I can't believe that all those people signed up to the class action; that is, positively confirmed that the felt that they had been wronged and wished to instruct lawyers to sue.
So the "on behalf of" numbers are a con to try and bump up the severity of the case and the fees. If the CA required agrieved users to sign up then you would see a much smaller settlement. Even if 100,000 users signed up and their loss was calculated at $10 each then that would only be a million dollars.
The courts obviously know the numbers are false which is why the damages are trivival per capita.
As I understand it class action suits are there to allow a number of people with a common grievance to combine resources and risk so they can afford to sue a very rich opponent. This doesn't seem to be what is happening. Instead law firms seem to be picking up likely looking cases "pro bono" with the assumption that they will win enough over time to cover any losses. Noting that "pro bono" is a shortened version of "pro bono publico" and there is no obvious benefit to the public. Could be "no win no fee" of course.
Why not have a crowd funding model where everyone has to sign up and put some money in? Assume that you pledge $100 which you get back plus damages if you win. This would produce a list of complainants with skin in the game and a clear target for the award of costs and damages. I presume the class action is for the benefit of the defendant who can cut a deal and also be immune to further law suits from other agrieved parties. However if the crowd fund scheme is advertised enough then it might be assumed that other interested parties have declined to act. $100 might exclude some from participation; with enough take up the subscription could be lowered after the first 10,000 with original subscribers having the option of some money back or a larger share of the pot.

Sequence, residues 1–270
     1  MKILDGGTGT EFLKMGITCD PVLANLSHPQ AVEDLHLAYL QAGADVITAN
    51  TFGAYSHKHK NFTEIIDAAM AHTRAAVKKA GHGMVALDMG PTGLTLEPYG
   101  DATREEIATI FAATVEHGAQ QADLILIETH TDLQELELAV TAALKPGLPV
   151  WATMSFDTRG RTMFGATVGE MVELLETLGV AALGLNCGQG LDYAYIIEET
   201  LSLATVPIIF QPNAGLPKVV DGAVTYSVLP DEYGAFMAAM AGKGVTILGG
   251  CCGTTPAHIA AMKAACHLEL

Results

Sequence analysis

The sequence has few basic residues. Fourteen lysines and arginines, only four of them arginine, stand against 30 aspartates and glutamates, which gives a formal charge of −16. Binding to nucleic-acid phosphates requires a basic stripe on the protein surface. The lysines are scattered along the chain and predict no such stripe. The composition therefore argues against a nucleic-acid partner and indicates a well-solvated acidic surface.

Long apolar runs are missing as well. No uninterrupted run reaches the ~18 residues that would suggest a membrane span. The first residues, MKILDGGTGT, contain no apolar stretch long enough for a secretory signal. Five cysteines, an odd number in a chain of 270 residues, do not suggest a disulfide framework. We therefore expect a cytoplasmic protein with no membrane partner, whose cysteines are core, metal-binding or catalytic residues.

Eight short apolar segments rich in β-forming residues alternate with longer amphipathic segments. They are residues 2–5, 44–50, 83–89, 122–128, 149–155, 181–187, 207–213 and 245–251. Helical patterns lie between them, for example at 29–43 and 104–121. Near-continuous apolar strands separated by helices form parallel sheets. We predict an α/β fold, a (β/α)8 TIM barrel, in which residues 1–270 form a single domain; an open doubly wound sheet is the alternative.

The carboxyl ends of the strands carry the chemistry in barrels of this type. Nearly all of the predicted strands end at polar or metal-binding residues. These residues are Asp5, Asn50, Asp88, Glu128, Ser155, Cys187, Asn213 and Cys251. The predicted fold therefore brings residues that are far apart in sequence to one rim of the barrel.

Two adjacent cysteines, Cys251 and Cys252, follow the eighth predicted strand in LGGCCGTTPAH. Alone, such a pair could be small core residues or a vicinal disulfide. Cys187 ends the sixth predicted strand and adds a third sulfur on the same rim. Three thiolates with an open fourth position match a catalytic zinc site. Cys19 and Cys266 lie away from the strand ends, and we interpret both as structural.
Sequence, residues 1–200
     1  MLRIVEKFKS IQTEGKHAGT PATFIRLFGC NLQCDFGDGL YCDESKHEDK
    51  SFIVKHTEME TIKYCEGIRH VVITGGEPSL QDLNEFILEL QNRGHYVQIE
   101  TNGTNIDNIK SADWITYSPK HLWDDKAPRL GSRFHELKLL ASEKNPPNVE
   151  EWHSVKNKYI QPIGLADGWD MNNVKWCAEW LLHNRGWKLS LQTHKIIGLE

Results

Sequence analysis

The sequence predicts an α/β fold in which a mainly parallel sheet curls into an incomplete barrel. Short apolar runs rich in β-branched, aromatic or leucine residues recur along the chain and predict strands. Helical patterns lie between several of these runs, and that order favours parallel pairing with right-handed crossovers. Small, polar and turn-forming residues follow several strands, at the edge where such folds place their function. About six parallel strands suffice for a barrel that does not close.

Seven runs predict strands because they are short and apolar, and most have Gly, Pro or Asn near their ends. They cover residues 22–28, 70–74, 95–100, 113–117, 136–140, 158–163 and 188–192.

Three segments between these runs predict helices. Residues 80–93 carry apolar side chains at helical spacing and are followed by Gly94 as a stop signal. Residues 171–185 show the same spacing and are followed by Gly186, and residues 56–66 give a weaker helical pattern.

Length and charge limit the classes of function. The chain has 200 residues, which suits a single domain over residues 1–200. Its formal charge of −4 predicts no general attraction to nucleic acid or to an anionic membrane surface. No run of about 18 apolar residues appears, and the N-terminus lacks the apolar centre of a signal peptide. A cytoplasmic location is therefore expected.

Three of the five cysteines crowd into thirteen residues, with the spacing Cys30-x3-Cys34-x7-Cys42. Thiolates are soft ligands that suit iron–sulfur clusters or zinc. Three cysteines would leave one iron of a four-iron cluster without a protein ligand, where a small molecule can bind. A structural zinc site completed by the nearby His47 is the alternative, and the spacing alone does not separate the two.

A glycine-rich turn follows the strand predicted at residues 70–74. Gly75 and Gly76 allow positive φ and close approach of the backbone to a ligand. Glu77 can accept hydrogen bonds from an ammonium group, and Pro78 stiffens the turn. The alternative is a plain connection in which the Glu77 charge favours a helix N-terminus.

Whatever, the current system just seems to be a cosy way for lawyers to keep themselves productive for the benefit of their mates and the public get nothing. Typical bloody lawyers.